However, on 25th August, 1998, the then Government hurriedly promulgated the Central Vigilance Commission Ordinance, 1998 as per the draft prepared by the Secretaries, thereby overlooking the recommendations contained in Vineet Narain (supra) and the Law Commission Report. The most notable difference, among others, was that while the judgement entrusted the responsibility of exercising superintendence over the CBI's functioning to the CVC, the Ordinance laid down that the CVC would exercise such superintendence over the Special Police Establishment only in respect of the cases under POCA. On 27th October, 1998, another Ordinance was promulgated, called the Central Vigilance Commission (Amendment) Ordinance, 1998 (No. 18 of 1998), whereby certain amendments were made in the principal Ordinance. Then on 12th December, 1998, the Government introduced the Central Vigilance Commission Bill, 1998 (Bill No. 149 of 1998) in the Lok Sabha to replace the Central Vigilance Commission Ordinance, 1998 and the Central Vigilance Commission (Amendment) Ordinance, 1998. However, with the dissolution of the 12th Lok Sabha, the Bill lapsed. The Bill was re-introduced, mostly as a verbatim copy of the old bill, in the next session of the Lok Sabha and was passed by the Lok Sabha on 26th February, 2003 and by the Rajya Sabha on 7th August, 2003.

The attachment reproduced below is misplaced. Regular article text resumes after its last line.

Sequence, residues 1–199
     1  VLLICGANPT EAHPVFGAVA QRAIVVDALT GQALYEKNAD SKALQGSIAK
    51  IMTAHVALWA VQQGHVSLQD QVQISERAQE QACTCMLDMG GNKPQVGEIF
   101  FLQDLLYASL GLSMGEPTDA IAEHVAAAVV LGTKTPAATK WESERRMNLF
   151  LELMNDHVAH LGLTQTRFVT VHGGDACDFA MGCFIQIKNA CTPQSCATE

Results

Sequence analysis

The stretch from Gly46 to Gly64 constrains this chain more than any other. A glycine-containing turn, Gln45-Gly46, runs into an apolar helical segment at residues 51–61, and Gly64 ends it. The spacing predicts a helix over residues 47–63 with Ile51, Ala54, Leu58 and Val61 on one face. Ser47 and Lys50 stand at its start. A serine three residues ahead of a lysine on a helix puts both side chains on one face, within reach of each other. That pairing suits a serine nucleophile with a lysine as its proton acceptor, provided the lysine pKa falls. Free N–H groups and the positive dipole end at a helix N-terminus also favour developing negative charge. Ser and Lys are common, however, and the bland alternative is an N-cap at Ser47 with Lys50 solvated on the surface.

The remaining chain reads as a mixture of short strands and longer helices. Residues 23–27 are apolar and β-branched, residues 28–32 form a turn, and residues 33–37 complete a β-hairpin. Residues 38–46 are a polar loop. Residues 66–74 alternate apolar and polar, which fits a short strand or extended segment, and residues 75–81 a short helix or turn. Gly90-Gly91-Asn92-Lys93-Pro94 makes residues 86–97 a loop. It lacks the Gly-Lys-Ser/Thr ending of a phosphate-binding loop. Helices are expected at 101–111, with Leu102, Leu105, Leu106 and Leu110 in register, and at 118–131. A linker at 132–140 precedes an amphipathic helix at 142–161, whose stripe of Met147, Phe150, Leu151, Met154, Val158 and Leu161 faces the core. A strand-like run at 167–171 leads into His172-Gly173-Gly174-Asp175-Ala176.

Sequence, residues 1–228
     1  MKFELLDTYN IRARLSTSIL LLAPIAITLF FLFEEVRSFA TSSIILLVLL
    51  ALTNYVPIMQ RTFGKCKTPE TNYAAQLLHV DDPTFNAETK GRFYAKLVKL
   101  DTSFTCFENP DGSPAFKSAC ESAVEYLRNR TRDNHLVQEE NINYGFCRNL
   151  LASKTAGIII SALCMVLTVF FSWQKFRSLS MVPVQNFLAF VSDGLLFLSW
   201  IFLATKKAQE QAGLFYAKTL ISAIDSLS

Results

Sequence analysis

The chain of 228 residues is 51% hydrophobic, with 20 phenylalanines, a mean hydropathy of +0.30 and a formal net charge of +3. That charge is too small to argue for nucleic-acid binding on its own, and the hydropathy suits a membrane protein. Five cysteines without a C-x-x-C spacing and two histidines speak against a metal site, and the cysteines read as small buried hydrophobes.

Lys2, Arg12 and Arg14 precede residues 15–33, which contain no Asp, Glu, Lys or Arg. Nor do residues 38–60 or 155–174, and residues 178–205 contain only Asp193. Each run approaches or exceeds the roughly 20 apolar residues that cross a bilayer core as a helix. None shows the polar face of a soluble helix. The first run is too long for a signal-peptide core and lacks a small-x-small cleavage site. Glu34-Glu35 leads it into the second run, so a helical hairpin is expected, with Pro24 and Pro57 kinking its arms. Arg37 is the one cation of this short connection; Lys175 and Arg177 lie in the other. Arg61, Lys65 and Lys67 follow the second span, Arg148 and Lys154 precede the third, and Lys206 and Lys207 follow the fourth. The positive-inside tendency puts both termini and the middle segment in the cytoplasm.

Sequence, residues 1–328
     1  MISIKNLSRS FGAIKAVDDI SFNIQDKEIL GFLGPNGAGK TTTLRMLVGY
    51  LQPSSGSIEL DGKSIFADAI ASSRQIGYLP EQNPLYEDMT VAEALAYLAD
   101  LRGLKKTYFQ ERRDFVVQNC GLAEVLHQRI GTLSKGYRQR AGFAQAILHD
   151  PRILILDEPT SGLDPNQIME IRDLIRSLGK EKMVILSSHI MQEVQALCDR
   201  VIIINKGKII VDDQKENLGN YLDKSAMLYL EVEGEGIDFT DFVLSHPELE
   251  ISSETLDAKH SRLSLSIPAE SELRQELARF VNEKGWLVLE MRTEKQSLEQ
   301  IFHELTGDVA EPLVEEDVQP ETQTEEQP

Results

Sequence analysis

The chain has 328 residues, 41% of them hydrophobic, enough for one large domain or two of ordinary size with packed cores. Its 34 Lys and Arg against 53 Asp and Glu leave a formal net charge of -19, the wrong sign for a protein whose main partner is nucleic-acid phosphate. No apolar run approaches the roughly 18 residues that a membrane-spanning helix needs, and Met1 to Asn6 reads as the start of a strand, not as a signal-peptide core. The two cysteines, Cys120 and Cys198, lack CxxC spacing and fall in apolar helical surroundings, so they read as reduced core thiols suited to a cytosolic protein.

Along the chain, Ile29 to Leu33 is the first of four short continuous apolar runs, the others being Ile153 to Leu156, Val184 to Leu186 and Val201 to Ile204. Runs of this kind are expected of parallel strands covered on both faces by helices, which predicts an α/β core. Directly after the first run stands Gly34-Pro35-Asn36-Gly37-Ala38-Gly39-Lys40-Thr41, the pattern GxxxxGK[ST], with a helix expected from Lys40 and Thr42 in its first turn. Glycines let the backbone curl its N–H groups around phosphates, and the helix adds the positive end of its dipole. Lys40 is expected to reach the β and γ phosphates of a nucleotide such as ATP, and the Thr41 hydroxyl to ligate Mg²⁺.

Scheme of the Act

  1. Section 3 provides for the constitution, composition and qualifications of the CVC. The words "who have been or who are" appearing in Section 3(3)(a)[5] refer to the person holding office of a civil servant or who has held such office. These words came up for consideration by the Supreme Court in the case of N. Kannadasan v. Ajoy Khose and Others[6] in which it has been held that the said words indicate the eligibility criteria and further they indicate that such past or present eligible persons should be without any blemish whatsoever and that they should not be appointed merely because they are eligible to be considered for the post.